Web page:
Over the course of the past 100 or so years, sports fans have been really quite fortunate. Considering there are only so many potential outcomes of a given league, it would seem likely that repeats are eventually bound to occur.
We’ve seen underdogs slay giants and all-time greats retire on top. We’ve seen emotional comeback success stories and the unfortunate comeback failures. Although each rendition of a particular plot-line is customized ever slightly to represent the teams and players acting them out, the general premise remains the same.
These subtle differences are what keep sports worth watching. In combination with team changes, varying locales and personalities, the constant clichs that would otherwise occur are infused by the cultural differences and attitudes of a given era, time stamped and forever locked away in the minds of fans as a unique, cherishable memory.
Last weekend the Toronto Maple Leafs ruined this.
They ruined this just as they have ruined all that has ever been.
Trinity: “A dj vu is usually a glitch in the matrix. It happens when they change something.”
In the summer of 2007, Danny Ainge was a highly respected man, but perhaps more for his careers as a baseball and basketball player than his unimpressive tenure as the general manager of a struggling Boston Celtics franchise.
His team, both then and now, was ripe with tradition. They were loved by many and despised all the same. They were classic, iconic and recognized worldwide. They were also the biggest punch line in the NBA.
The Celtics were never the least respected franchise in the NBA, nor were they the absolute worse, but their relative fall from grace is what punctuated their futility. For reasons, in large part out of their control, the Celtics were lousy. They would have easily qualified for sympathy had they not previously dominated with such unrelenting authority, championship after championship, year after year.
When the Toronto Maple Leafs dealt a third of their struggling roster to the Calgary Flames and Anaheim Ducks for Dion Phaneuf and J.S. Giguere it wasn’t exactly like when the Celtics dealt for Ray Allen and Kevin Garnett, but the similarity is alarming.
Each team, previously bestowed with rich success and an even richer following, loved by some and hated by many, acted in desperation. The embarrassment had gone on long enough.
The Maple Leafs, championshipless since 1967 but overwhelmingly dominant before then, had decided that their current method of business wasn’t working. They decided that fast, dramatic action was required. What better way to pursue excellence than go about the most obvious way of getting it?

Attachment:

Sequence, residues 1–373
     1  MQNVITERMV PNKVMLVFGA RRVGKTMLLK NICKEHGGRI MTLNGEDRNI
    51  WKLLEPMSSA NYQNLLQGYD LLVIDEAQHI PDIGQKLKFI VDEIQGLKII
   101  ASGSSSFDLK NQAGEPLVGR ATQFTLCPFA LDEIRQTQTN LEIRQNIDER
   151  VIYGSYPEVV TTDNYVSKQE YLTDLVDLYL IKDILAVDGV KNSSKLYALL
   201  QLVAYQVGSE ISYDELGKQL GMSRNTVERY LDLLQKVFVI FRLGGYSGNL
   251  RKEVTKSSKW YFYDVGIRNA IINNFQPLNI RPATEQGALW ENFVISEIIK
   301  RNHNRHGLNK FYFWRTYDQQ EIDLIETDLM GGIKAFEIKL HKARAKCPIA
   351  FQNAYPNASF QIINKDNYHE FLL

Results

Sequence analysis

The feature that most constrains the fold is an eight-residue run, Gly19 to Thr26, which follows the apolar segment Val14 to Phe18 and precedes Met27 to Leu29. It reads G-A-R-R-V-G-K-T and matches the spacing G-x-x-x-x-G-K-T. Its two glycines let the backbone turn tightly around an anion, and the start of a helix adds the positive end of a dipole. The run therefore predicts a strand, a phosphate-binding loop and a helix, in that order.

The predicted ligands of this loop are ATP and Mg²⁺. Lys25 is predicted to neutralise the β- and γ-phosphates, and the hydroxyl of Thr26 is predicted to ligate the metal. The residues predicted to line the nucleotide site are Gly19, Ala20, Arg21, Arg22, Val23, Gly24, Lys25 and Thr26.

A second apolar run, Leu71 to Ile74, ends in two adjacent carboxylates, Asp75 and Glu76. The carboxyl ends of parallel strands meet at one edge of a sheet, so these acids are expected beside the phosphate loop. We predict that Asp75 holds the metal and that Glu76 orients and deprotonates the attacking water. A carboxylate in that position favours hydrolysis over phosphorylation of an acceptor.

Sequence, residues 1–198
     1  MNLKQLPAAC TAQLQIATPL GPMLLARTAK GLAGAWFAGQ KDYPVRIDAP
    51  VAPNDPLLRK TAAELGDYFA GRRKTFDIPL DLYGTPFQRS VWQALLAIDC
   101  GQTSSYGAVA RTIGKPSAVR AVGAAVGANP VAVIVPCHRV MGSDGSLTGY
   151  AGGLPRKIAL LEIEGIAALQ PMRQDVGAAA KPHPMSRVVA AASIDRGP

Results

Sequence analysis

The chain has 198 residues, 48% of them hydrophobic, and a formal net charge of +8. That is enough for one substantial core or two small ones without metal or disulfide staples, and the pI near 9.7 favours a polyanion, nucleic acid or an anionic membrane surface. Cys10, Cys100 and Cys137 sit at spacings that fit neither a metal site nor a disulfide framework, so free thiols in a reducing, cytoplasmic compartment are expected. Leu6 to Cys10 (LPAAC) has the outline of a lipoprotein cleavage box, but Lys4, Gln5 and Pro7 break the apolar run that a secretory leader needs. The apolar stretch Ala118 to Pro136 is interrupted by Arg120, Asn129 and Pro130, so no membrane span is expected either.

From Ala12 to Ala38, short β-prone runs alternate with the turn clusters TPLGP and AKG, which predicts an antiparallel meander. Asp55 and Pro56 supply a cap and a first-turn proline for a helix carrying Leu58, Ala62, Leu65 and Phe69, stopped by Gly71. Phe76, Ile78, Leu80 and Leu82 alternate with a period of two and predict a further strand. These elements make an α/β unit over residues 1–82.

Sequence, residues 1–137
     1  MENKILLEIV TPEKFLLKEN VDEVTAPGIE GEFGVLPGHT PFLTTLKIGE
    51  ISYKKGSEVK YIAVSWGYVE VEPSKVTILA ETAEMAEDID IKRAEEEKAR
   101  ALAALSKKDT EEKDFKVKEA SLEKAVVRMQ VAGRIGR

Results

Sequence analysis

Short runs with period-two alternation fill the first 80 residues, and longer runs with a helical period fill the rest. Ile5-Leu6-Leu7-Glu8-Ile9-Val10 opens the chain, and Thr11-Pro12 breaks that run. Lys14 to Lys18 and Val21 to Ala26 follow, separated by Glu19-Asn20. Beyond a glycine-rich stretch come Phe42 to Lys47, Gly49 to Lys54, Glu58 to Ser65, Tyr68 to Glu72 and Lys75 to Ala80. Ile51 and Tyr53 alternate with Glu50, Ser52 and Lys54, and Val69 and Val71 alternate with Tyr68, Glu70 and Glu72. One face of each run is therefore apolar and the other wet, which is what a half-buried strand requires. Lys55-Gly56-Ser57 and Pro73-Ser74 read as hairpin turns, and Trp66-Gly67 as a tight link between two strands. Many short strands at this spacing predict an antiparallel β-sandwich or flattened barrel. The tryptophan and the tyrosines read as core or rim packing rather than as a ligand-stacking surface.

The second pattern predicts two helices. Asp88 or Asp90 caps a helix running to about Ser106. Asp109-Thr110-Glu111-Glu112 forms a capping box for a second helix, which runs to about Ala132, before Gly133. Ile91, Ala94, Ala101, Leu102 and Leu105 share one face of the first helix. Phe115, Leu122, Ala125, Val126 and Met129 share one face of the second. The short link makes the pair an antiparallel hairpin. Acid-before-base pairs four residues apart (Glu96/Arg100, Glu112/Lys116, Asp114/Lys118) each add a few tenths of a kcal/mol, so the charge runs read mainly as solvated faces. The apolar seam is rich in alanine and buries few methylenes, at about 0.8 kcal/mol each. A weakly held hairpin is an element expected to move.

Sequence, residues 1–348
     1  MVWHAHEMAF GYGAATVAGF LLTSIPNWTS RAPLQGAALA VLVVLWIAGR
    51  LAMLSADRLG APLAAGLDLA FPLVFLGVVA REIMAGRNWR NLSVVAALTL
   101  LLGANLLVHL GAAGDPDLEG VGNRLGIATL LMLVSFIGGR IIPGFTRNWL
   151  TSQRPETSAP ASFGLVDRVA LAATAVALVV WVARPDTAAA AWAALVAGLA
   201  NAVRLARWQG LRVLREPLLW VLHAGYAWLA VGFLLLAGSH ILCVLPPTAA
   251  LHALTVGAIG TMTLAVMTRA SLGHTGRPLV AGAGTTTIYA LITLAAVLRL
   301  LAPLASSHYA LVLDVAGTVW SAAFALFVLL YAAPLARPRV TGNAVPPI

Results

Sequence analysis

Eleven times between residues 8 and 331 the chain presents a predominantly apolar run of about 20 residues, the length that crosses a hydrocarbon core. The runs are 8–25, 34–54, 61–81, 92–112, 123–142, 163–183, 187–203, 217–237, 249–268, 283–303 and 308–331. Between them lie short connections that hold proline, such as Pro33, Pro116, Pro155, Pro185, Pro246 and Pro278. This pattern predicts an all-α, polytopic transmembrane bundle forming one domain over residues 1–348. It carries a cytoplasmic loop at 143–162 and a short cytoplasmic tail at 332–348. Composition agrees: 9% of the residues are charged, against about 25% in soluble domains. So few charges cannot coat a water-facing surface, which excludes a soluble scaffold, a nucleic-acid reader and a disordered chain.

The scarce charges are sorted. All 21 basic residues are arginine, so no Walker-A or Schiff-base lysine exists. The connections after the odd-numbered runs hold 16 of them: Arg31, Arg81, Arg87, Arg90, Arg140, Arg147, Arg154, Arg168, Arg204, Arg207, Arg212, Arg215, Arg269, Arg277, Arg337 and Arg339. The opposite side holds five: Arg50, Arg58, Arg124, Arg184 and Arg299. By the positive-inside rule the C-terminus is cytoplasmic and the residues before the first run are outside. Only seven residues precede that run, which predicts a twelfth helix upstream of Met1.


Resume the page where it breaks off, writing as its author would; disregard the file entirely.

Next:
Previously, the Maple Leafs had done their best to ride the grim potential of far-from-spectacular journeymen to moderate success. It had became their MO. By turning such an uncharacteristic about-face, Brian Burke effectively applied the same managing process that teenagers use when managing their dynasties in Madden or MLB 2K9 (Danny Ainge is excellent at MLB 2K9).
It just so happens that this has given the Leafs their greatest chance at success in years.
The biggest knock on hastily acquiring superstars in professional sports is that it might have a negative effect on existing team chemistry, or derail the current core’s progression as a unit on and off the ice.
Let’s assume the Maple Leafs had none of that to lose.
Earlier this year when the Toronto Maple Leafs traded a bevy of draft picks for Boston Bruins forward Phil Kessel it struck many as odd and all as risk but it did give them a promising offensive star. It was a tangible step forward for a team that, more than all others, needed it.
Now, as history tells us, Kessel, like Paul Pierce before him, could have gone on for another season or two putting up decent numbers for a terrible team in front of thousands of obsessive and painfully loyal fans, but why stop there when a proven escape plan has already been established?
If the beloved Celtics could return to respectability, then why not the Toronto Maple Leafs?
Instead of sitting idly with Kessel, Burke sought to acquire his own Ray Allen and Kevin Garnett to join Kessel in a quest to storm out of the Eastern Conference basement. Last Sunday, he got exactly that.
Regardless of how the rest of the 2009-10 campaign unfolds in the NHL, the damage is done. In a bizarre twist of reality the Toronto Maple Leafs have become the Boston Celtics in both mind and spirit. Given the C’s recent success, the consequences for hockey fans that loathe the Blue and White are grave.
If the Toronto Maple Leafs go on to succeed in the aftermath of these historic trades it means two things, equally apocalyptic. Either suffer the obnoxious wrath of countless Maple Leafs fans until some other band of hockey playing heroes restores the natural justice of the world by stopping their reign or admit that human civilization is being farmed by robots as a source of energy.
Obviously the former would sting a little bit more.